MONDAY, NOVEMBER I" Court Of Permanent Justice BLYTfTEVTLT.rc (ARK.)' COURIER International Endowment Office Closed As Conflict Rages EDITOR'S NOTE: Approaching Armistice Day again n m)s „,„. obscuring (lie works or HID gre.il men of peace. Here is another i,f a series cf stories m these lead- By WILLIS THORNTON NBA Service sun Correspondent Closet! nnd locked are the doors 01 a recently-busy ofjfcc I,, Uio Boulevard sainl - Cicnnalne, in Paris. U is the main European office of the Cnmcgte Endowment Jor Inteniatkiial Peace. trticli work as il can carry on lo(Jay has been moveii to La nnule tiny port town, nut ihe head of the League's London office has been called uj> for military service, Us executive head tir all Em-ope lias been called lo Red Cross work at Geneva. The Endowment's advisory committee for Europe lias scattered to die winds: Hie Austrian* nnd C/cclis forced to become Germans one German member newly bee:me a Britisher, the Spanish and Italian members no longer welcome In their own countries, the Hungarian member now become Prime Minister. .Were Andrew Carnegie alive today, as he uus when war broke out in 1914, he might sny today as then, "all my air castles of we rid penec have fallen about me like a house of cards" SCOTTISH IMMIGRANT WORKS IN MILLS , White-haired Carnegie in his castle at Sklbo looked back on n long life then. Born in Dumferlinc Scotland, he had emigrated to America with his father while lie wns a mere boy. He g:l work as a bobbin-bay in a cotton mill, then as a telegraph operator. From (his meager start he drifted into railroading, oil speculation, and finally into j r ;n and Kteelc. He built the- Edgar Thompson rail mill, nought, the Homestead plan,, and by 1001 was ru | ei of an empire of iron, steel coal and transport that was one of the chief constituents of the U S Steel Corporation AUicn it was formed in 1001. Carnegie, fabulously rich, .had acute views of (he responsibilities that went with Uis wealth He built 25()fl., public libraries, founded and aided. colleges. Ho contributed largely ,{j> jljlic [6tilldIng- of: the* Peace Palace up: Tlic Hague—where Ihe Permanent Court cf ; International Justice has held its sessions—and to the construction of the Pan- American building in Washington FOUNDS ENDOWMENT TO ABOLISH WAR His major move toward peace came in 1910 when nilh 510,000000 he founded the Carnegie Endowment for Internatirnal Peace for. "the speedy abolition of interim, tional war between the so-called civilized nations." The endowment wns given the Di-ondest powers to work for international peace in anv way its 27 trustees desired. Much of its work has been in aiding other peace societies, and iii making nnd publishing studies on subjects, economic and political, thai bear on peace Carnegie himself, though sincerely devoted to peace in the abstract, was no absclute pacifist He -was naturally pro-Ally when International Court of Permanent Justice in session'at The Hnpiif Peace Palace, built with Carnegie money. M- W T'» WlU ' b08an ' (hm ' eh hc work n living reality in the Yet lie, who had given 510,000000 to buy peace, was,quick to congratulate Charles Scluvnlj when the little town of Bethlehem (Pa.) had begmi to turn out such a volume of war supplies as to win for Schwab a personal tribute from Lord Fisher. Tlie Bethlehem \vorks were building, among other wnr' materials, submarines for the Dardanelles campaign. Further, Carnegie was eager for the Unitwl states to gel into tlie W; rid War and "finish the job." He was quite impatient with Wilson for his delays. The sleel magnate wrote Wilson to this effect two months before the MSI- was declared, and closed with the same hope that' was in millions of other breasts in these days: the war won and peace resumed, "at the next meeting at Tlie. Hague we would abolish war forever." PEACE WORK CONTINUES Carnegie died in 1910, too soon to have seen this new "air castle "I world peace" also "fallen like n house of cards." The work of his foundation went on. Elihn Root. Dr. James Brown Scott and, Dr. Nicholas Murray Butler m/irte the. fomidatkn's to Scott's profound study and work In the field of legal inter relations cf the Americas. Dr. Butler, present head of the foundation, has just suggested that the United States should direct the attention ol' belligerents to (heir violation of the Pact of Paris, to which this nalltn Is ft signaory. The educator feels Ihe answers would make interesting reading and that such a step on our part would be one in the direction of bringing "this most dangerous of all wars Ic- a nuick end." 'Hie Carnegie Endowment has helped finance many smaller peace movements, especially in Europe where they had been left .stranded by the .World War. So Andrew Carnegie, the only man ulio ever gave away $350,000 000, was unable to buy peace for the world. Even the foumlatlcn h c left for the promotion of pence is again In a state of more or less suspended animation, as it was in 1914-1918. But, it continues to exist, and In the little French seacoasl (own of La Baule it will carry on as best it can against what Carnegie called "the foulest blot on our civilization"—war. (Continued from Page l) Division. Each of these will receive a cash pvi/n of $15. State winners in the farm operator division from the four stiites will compete for $150 cnsli mid u . Although no state pri?,cs nrc offered winners in the home Improvement divi.-ilon, sweepstakes IM-IW.S nre SlOO for first plnctv $CO for second and $50S for third. This contest Is limited to tenant families. Kaufmnn Bribers of Morrllton, '.uio operate a KKO-iicrc farm in Comvny Counts-, will receive $100 for (irsl prfee in the state l-niul- owners Division and Mr. and Mrs, H. O. Bennett of Proscou, who mllivate 80 ucrc,'; In Ncvnitn Comity, will receive $100 for first place in the tenant dlvMcn. Jiotli will lie eligible for sweepstakes. The Bennetts also tied in the irome Improvement Division. AH cash jiim-s, trophies and Ccr- Iflcntes' of Honor to comity contest winners will be awarded at tlu- nn- IHII! Plant to Prosper banquet at lie Hotel Peahody Dee. 10 when ill county and stale winners will be guests. : Mississippi. County winners gave much of the credit, for. their success to Comity Agricultural Agent p. S. Lantrlp and Miss Con Lee Colcmnn, county home demonstration agent, according to the judges, who included Dr. Charles F. Simmons, stale agronomist- Eugene D Rutland. Farift Security Administration; J. c. Barnclt, district agricultural agent, and Miss lain Scantland, district Heine clemon- :rnlion agent, In (he negro contest, Mississippi County also forged to the front with Dock Nettervlllc, of Wilson, winning stale honcrs In the tenant division and A. A. Bnme.s, of Joiner, •« Inning second place in the landown- rs division, The first place winner will re- sr,o m |, „,„, h rt| „ , )t , (P for Iho $MO sweepslnkes awnrd to be uroSontctl Uic negro faniiw who makes the best record ,mV Vftl ;, " r " Vl " B " l llollic ' 1| »- |)iouii(., ills home, dlvorsifylii)- lil-i croixs und consorvlni: his soil, Harnm Will n-rclve $35. - 'I'lir prosenialiu,, .«»! ,, 0 mmlti M I"' annual Mm-al-llcim, | na , •I ifl iji. MBHOSSHK Ili,.|i School h Moiiijilii-j nuc. 7. ' Mrs. Fred Child's Sister Dies Saturday i Mrs. U. E. Hums, sister of Mr.< F'-«l cmui. ,110,1 .a cinylon, . suburb of St. I/nils, !n| c Sfliiiriln' attomoou nftpr having been sti-lrk' on with npoj)lcxy ) as (, Wednesday Sho wns 40. Well known In niytlicvlllc whw. ie lintl fn-qucntly visited, Mrs ii«w «-us reared at, Jonesbovo «n<l had also lived In Cnllfornti lecnuiv, moving | 0 Clayton ii July sliorlly ullei. M VS . clilld re umircl from vlslllnir Jiri- In Cull. foinln. Or. anil Mrs. Child loft. Sattir- «<iy iilslit for cinylon nnd wll remain there until after (lie fn- wiil services, which will be held loinorro'.v. . Memphis car wiw nl'o linrllv «<' Burns Are Fatal To Parkin Woman, Age 74 The Morning After-Taking Carter's Little Liver Pills Mrs. Ike Miller Is Hurt In Collisioi Mrs. Ike Miller wns badly bruise, nud shocked and her car wns budl) damaged In a hlnlnvuy nccldctil north of niylhevllle Saturday nlghl which resulted In 'r. c. Hicks 6li Memphis nurseryman, being flnci S100 in municipal court today on n clmieo of driving while under tin imiueiu-e cf liquor. Mr, nicks wns driver of ihe eai *hl<.'h Is said lo liuvc struck the M ers' machine its Mr. and Mrs Miller were returning: home about 11 o clock. The collision look place K^sliort distance irom ihe Arkniums- " ' «rch on the Arkansas side DRIVE TO LEFm SERVICE STATION ARK-MO'STATE I.1N15 FOR Gas and Oil NOW MANAGED BY Waller Cox, Jr. and E. M. Murray at the mercy of n * , „ .... smothery he-id cold' i ...... ciiinirosoniiicli misery? A mile Mcntholntum nmiUnl In well iios- ™L^' U s °°" lc tl10 lrr| tatc<l nasal membrane.-, check the sneering tc- Icvotlio stuffiness, auti Help you to brcntlio more casllj-. " Also nil, McnlliolaUim vigorously on the chest [mil bad; lo Improve the local blood circulation Mil thus gain «tra help in rcllevlr.s cokl ills- comforts. Ru!) it on tlic loichcail and tcmplej to nll.iy headache nnd iie-.iralglrt eiue to colfo. GOING! GOING! GONE! TOMORROW Tuesday, November 14th, Beginning At 10 A. M (ON THE PREMISES) VERY CHOICE RESIDENCE LOTS Beautiful MAY BELL SUBDIVISION ON NORTH "101 h STREET ' home wl " i '""> iiy or Al,- s . EMPHIS. TcmiTNov. 13 (UP) I ",''"-V 1!fri ' k A l x> i l( t .' „ 'n" V ' ! ' llll »»> yr'i WlU, m All,,,, whl , ,||,,) ,„ UlliU IRMC. Slip wns 74. „„,.. Authorizes Loan To Sub-District No. three Residential Lots To Be Auctioned Tuesday Wfly Jou In wlmt Is called Uio May'lloll suWivlsloii on Novtli l with Sti-on win lie sold ul public on in,, (ji'ounds 'J'lip.sduy IJCBliinliii; «|. fl;;io o'clock, I>V UK; ConlliH'nljil Henlly Auction Company of Jitckson, Tcnii. A Ixiiul concert will lie eiven in. (lie scene und ouch lot will bfl niicllcnnd .separately, It Is tincler- filcocl, Spnn-cll McCnll h Iklcd ns owner or (He propeity by (Ho Jo company, Kirby Bro.5. Drug Co, and Robinson's Drug Co. Cured Without Surgery, and Guaranteed Nov. 'j. ( rj[.)_ n Mnnncw C!0f- WA, 1 ° C '" SI " utlltll ' lM 'l 'I loan of $SO,Oflo to SHb-Dlslrlia or rinissy Uik,. mul Tymnxn l)r«lnnRi! DLsdla No. 9 In Comity, Ark. Head Courier Kewr, Irniit Th eres about Cigarette Tobaccos , WE ,a kc , he h Call Us For Prices Before Selling Voar - - « sate and sound i ~-^ ««<w oi/uiiii uivtoMiifjii. j\$ 3 JtiUYrK iln um Msfpn fr\ 4h ' • ••'*•• * ws?By Y i 810 TO°0 LATE.'" ""'^ " Wd> n #"*l£s of price." fSwOKROW l 'lS THE DAY.Vcd! FREE! Sold on EASY PAYMENT PLAN. SALE RAIN OR SHINE. §25 CASH AND 50 OTHER -M ^^ _._ __ . 1 RIZES TO SPECTATORS *• f J t^ L^ I MUSIC «Y RAOTLMB BAND FROM DIX1EJ,AN» XT J.X Hi • • ' SALE COiMJUCTEI) K\' *'* > I.-.*T. l»CV Lee Wilson & Co. Wilson, Ark. CONTINENTAL ,RESLfYTflEfl8NCS: OF JACKSON TENNESSEE C, I, YARBRO, President HU(m YARBRQ| A ^ ^ ^ ^ THERE ARE FOUR TYPES of tobaccos found i» the , m re popular cigarettes, namely.. . Bright, Maryland, Barley and 'Turkish. , ,". \-; ;'," ALL THESE TOBACCOS ox-ceptTurkisl, (whicl, is l-ought direct from the planters in Turkey and Greece) nnd Maryland (which is bought through sealed bids under government supervision) are bought at public nuction, just like any oilier auction where you might" Iiuve bought i» n table or a clinir. AT THE AUCTION SALE «hc lobaeco is piled in baskets weighing from about 100 to 500 pounds and each purchaser buys all of his tobaccos by competitive bidding for tlie particular piles he wants. THE CHESTERFIELD BUYERS buy the best of these mild ripe tobaccos for (he Chesterfield blend And it is Chesterfield's Combination... the right amounts of Burley and Bright.. . j ust enough Maryland .. .and just enough Turkish —that makes the big diflerence between Chesterfield and other cigarettes. IT IS BECAUSE of this combination that Chesterfields are COOLER, have a KETTER TASTE and are DEFINITELY MILDER. They are made of the world's best cigarette tobaccos. Yon can't buy a better cigarette. ' MATE YQ'UR NEXT PACK K CHESTERFIELD . Imtrr it Mma Talma Co.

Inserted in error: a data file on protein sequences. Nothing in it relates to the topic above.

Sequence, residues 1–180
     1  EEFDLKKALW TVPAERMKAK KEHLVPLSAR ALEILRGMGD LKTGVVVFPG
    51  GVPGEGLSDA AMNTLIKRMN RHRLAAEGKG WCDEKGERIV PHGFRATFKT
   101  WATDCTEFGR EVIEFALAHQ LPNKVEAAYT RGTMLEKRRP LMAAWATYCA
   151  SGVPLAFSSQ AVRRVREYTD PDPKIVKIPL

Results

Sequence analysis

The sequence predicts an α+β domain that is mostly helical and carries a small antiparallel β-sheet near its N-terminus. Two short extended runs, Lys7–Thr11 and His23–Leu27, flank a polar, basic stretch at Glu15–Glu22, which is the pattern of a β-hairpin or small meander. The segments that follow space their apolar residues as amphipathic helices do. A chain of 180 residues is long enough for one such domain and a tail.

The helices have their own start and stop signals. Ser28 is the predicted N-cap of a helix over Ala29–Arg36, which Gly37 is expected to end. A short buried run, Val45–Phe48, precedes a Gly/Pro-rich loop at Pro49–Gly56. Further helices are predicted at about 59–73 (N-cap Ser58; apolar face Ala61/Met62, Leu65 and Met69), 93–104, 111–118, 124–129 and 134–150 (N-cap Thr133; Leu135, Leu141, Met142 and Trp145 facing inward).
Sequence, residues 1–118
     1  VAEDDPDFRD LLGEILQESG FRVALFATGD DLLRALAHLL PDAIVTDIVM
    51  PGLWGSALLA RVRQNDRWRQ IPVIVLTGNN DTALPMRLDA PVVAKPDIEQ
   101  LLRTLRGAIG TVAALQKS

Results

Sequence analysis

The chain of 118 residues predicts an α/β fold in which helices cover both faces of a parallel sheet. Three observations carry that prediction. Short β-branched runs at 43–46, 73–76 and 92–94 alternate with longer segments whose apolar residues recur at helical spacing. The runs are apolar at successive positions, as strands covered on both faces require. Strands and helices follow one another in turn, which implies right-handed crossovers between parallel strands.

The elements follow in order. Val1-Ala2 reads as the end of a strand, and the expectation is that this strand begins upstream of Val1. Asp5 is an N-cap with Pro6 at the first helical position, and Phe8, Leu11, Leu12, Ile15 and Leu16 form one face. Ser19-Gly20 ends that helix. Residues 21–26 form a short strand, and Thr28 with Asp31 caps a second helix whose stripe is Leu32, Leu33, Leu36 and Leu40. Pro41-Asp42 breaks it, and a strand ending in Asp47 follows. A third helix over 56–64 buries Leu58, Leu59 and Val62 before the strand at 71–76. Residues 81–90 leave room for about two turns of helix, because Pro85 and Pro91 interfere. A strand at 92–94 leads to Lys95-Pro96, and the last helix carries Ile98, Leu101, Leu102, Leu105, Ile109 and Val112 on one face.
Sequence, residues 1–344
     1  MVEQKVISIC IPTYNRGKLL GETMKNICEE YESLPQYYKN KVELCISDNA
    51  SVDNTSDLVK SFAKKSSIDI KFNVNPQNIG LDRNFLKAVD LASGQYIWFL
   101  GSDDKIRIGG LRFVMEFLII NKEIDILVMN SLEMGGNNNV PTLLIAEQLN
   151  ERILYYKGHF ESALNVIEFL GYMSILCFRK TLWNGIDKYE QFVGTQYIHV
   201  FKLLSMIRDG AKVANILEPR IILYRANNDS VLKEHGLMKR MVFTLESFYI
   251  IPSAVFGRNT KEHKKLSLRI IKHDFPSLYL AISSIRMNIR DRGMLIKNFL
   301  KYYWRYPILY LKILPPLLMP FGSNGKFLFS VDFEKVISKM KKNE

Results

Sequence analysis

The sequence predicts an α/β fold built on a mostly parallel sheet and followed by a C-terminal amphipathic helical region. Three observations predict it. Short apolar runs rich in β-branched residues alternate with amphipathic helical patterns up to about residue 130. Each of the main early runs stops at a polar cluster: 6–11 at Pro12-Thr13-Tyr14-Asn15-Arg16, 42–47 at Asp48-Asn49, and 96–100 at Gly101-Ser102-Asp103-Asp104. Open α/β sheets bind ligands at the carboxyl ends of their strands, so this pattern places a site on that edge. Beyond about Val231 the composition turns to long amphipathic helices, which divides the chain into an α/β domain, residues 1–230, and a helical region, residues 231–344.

Get full access with a Free Trial

Start Free Trial

What members have found on this page